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Advanced Performance Management (P5) June & December 2012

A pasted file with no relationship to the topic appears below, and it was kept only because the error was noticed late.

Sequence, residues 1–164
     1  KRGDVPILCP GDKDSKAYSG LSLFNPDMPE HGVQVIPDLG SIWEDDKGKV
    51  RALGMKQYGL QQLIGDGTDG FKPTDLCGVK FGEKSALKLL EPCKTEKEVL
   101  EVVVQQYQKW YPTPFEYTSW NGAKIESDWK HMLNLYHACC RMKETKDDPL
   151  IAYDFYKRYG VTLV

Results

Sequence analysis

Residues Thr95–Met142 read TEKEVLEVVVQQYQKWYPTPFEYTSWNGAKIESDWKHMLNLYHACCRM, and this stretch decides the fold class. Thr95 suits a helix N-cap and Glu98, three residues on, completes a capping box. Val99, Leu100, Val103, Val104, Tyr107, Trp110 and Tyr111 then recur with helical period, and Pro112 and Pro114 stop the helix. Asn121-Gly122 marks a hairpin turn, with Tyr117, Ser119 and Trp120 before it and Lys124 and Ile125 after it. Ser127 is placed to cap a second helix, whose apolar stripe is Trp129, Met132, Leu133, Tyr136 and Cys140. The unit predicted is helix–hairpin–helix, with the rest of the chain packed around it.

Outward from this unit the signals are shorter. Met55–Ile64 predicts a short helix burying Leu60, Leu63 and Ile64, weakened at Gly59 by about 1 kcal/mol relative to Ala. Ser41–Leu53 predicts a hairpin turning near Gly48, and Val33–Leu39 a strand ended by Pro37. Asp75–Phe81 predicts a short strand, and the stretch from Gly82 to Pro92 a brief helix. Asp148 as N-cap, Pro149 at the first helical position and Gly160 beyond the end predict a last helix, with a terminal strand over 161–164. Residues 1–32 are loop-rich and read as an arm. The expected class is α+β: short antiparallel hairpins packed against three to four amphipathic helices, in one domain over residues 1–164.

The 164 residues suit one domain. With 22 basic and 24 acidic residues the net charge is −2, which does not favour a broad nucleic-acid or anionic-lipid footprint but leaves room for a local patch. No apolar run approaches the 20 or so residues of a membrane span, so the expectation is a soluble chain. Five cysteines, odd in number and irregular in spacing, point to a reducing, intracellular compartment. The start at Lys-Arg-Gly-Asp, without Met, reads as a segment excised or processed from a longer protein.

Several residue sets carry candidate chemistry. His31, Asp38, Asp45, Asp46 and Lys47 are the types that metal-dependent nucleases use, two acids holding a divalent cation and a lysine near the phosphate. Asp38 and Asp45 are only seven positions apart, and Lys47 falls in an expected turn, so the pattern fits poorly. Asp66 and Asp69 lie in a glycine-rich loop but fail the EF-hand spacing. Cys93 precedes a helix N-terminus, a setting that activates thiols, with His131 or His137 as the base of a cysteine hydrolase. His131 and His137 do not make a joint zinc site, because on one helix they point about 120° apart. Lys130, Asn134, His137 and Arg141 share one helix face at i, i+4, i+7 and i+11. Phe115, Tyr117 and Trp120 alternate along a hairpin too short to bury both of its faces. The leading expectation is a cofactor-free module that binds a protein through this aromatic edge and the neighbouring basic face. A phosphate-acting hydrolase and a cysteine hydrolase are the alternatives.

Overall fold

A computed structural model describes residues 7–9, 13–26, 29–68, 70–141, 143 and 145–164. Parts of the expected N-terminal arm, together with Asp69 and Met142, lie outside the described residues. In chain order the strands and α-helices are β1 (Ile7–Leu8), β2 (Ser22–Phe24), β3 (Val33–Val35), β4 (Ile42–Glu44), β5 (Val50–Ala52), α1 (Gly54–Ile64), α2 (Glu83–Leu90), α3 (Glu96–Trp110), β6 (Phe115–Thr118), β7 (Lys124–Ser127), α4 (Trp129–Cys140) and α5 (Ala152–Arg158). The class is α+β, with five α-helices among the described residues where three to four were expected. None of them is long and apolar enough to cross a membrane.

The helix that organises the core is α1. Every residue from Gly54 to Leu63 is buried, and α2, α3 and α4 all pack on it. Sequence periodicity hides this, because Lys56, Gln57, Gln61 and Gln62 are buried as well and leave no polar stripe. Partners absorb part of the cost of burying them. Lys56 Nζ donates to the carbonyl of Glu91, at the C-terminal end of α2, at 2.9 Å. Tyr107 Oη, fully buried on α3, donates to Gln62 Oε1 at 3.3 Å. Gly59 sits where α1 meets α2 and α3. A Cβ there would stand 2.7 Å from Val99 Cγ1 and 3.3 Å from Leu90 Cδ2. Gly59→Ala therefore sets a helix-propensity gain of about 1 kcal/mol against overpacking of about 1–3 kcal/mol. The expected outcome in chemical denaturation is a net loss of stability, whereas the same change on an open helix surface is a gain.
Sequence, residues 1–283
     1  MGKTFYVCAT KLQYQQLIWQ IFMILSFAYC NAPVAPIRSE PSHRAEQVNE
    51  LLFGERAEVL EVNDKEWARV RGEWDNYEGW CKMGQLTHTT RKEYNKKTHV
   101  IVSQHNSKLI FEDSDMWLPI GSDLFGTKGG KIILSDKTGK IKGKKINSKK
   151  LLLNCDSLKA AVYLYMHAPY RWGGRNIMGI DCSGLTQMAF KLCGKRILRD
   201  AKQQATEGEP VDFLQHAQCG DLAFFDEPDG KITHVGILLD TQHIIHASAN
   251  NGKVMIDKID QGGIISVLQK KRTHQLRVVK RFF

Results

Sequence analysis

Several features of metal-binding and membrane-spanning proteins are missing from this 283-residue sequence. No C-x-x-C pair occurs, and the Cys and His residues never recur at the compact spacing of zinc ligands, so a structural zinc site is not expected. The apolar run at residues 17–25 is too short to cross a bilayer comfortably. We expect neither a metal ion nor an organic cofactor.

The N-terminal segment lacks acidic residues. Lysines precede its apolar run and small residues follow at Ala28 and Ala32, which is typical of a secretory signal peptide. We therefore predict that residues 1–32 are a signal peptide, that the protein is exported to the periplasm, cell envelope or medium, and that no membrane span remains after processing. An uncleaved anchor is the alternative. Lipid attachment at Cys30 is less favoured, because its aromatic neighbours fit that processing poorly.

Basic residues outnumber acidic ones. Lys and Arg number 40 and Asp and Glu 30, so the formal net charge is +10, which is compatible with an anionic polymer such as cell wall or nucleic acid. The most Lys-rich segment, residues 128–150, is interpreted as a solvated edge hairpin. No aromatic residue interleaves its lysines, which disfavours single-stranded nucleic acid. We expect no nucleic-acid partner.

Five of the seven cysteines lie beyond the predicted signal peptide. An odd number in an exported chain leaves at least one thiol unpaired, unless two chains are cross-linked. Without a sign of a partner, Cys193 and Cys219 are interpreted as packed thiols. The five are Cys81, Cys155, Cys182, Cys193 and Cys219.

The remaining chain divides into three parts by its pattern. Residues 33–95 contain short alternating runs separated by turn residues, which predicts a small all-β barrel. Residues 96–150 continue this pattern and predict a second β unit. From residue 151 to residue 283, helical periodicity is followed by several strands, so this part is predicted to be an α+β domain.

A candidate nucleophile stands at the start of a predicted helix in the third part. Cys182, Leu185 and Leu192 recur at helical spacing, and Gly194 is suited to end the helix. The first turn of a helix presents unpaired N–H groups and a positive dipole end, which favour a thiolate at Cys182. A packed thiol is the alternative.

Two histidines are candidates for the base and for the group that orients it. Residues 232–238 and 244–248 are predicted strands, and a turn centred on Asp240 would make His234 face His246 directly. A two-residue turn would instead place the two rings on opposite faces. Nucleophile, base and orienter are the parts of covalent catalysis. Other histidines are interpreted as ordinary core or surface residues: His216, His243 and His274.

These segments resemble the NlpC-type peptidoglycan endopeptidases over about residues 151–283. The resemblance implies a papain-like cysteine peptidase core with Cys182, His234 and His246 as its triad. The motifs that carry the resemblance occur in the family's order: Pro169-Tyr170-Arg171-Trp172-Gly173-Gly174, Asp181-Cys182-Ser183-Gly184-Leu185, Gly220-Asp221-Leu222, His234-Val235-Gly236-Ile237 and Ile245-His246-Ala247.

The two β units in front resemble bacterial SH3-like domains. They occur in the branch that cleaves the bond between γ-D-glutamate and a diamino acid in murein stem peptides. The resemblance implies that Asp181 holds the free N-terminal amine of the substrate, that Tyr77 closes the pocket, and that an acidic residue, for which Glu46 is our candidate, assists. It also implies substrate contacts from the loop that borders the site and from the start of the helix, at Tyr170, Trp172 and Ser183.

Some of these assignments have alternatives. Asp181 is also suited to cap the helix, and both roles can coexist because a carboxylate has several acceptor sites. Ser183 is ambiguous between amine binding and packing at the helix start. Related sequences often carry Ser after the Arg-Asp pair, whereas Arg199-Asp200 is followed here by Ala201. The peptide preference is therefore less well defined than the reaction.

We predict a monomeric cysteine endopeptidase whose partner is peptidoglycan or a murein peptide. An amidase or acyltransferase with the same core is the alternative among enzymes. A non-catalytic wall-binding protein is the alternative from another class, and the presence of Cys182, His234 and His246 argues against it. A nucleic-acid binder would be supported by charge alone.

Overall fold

This syllabus and study guide is designed to help with planning study and to provide detailed information on what could be assessed in any examination session. THE STRUCTURE OF THE SYLLABUS AND STUDY GUIDE Relational diagram of paper with other papers This diagram shows direct and indirect links between this paper and other papers preceding or following it. Some papers are directly underpinned by other papers such as Advanced Performance Management by Performance Management. These links are shown as solid line arrows. Other papers only have indirect relationships with each other such as links existing between the accounting and auditing papers. The links between these are shown as dotted line arrows. This diagram indicates where you are expected to have underpinning knowledge and where it would be useful to review previous learning before undertaking study. Overall aim of the syllabus This explains briefly the overall objective of the paper and indicates in the broadest sense the capabilities to be developed within the paper. Main capabilities This paper’s aim is broken down into several main capabilities which divide the syllabus and study guide into discrete sections. Relational diagram of the main capabilities This diagram illustrates the flows and links between the main capabilities (sections) of the syllabus and should be used as an aid to planning teaching and learning in a structured way.